At first blush, these things might seem contradictory. Impressive means large, and large fliers tend to want to attack, not sit around and control things. The secret to this was to give him an attack trigger that resulted in rewards that a control deck would want: life and cards. This also tied nicely into the colors. We added a mana requirement to the trigger, as drawing cards is quite powerful. Then, to add a little bit of extra flavor, we gave Azor a very controlling enters-the-battlefield effect. And voila, we have Azor. I hope he lives up to the expectations.
Azor's Gateway / Sanctum of the Sun
When Ben Hayes and his team started designing Rivals of Ixalan, they knew they were going to create some double-faced cards (DFCs) that transformed into lands. One of the roles of small sets is to continue with popular themes from the large set, and the DFCs definitely fell into that camp. Was there a way to put a spin on them and make them feel like an extension of what Ixalan did, but with their own identity? Rivals of Ixalan is about the four factions fighting over the golden city of Orazca. Maybe the DFCs could help reflect this element? What if the DFCs were symbolic of the quests and challenges that had to be overcome?
Take Azor's Gateway as an example. The factions are all after an artifact known as the Immortal Sun. The Immortal Sun is located in the Sanctum of the Sun, so this card had to represent the final challenge of the story. This meant that the card wanted to be a sweet reward locked behind a troublesome quest. I believe the reward was figured out first. What's a powerful thing a land can do? How about making a lot of mana—and I'm talking a lot of mana, equal to your life total?
Next came the harder part: finding a small enough hoop to make players jump through that was balanced with a land that tapped for so much mana. Also important was the fact that the card needed to have a function while the player was trying to "solve" it. Azor is very wise, so maybe his Gateway would provide you with information. Was there a way to turn that into a quest? The solution came from making it not an artifact that drew cards but rather one that looted (draw and discard). What if you tracked some quality of the discarded cards? (We'd later change it to exile to make tracking the cards easier.) The assumption was, we'd want there to be variety in the items needed, as that didn't force you to build a monolithic deck.
Color greatly limits what kind of deck can play a card. Card type was a possibility. Delirium obviously played in this space recently. We could look at creature types, but that was also tricky. Then there was converted mana cost (CMC). That one was interesting, in that most decks need to have a spread of converted mana costs. Unlike the color restriction, this was one most decks could meet without having to change things all that much. CMC seemed like the best one to try. The final question was how many CMCs to care about. Playtesting showed that five was in the sweet spot—challenging but doable.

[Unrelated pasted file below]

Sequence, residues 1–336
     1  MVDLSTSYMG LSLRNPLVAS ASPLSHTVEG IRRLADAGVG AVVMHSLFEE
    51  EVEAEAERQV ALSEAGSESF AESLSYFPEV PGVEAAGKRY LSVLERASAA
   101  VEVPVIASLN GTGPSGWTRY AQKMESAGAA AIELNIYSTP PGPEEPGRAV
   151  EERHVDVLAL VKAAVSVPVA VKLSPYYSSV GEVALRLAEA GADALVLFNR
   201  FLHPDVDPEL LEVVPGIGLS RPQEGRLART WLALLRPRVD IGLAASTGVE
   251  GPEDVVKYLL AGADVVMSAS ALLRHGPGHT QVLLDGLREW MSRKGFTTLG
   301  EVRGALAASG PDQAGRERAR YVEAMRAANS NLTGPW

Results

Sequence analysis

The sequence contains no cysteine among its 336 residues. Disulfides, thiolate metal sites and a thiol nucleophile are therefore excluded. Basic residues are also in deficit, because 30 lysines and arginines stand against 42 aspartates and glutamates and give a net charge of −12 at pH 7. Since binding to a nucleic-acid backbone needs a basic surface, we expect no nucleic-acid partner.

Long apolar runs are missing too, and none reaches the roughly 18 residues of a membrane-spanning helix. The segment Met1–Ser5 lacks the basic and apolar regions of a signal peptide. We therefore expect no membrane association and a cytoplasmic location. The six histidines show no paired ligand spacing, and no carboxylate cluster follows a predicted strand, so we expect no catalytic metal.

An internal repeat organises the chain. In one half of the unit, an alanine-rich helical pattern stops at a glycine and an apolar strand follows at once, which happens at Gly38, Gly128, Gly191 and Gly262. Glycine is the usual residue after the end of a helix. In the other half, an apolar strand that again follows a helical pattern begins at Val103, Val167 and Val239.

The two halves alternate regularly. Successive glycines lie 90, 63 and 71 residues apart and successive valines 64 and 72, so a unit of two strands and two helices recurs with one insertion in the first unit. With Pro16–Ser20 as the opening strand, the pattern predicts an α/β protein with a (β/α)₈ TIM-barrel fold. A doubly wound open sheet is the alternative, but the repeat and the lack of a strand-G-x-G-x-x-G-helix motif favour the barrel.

One of the cool parts of making Magic cards is that sometimes you get to not only solve problems but be stylish while doing so. Amonkhet block had added a bunch of lands with abilities to Standard (most blocks do, Amonkhet just added more than average). We wanted to have an answer if those things got out of control. How do you stop what we call "utility lands"? We could destroy them, but the goal was more stopping effects than hurting mana bases.
Okay, what if we just turned them off—the utility part, not the mana part? That would work. What color would do that? White's the color that shuts off abilities of creatures, but white is one of the weaker colors in dealing with lands. (Yes, white can destroy all the lands for a lot of mana, but that's something we do sparingly.) Green is the color that most often interacts with lands, but usually positively. Red has a history of nonbasic land hate. Okay, probably red.
We wanted it to be an ongoing solution, so we liked the idea of the card being an enchantment. Once all the pieces came together, we realized we were making something very similar to this famous Magic card:
Well, if you're going to make a Blood Moon–style card, you might as well lean into it and have some fun. And thus, Blood Sun was born.
Elenda, the Dusk Rose
One of the tricks to designing multicolored cards is trying to find abilities of each of the colors that both thematically connect and are mechanically synergistic. Elenda, the Dusk Rose is a wonderful example. What's a black ability that makes a lot of sense on a Vampire? How about what we call the Khabál ability (first seen on the Arabian Nights card Khabál Ghoul), where a creature gets a +1/+1 counter for each other creature that died in a turn? That feels very Vampire-y.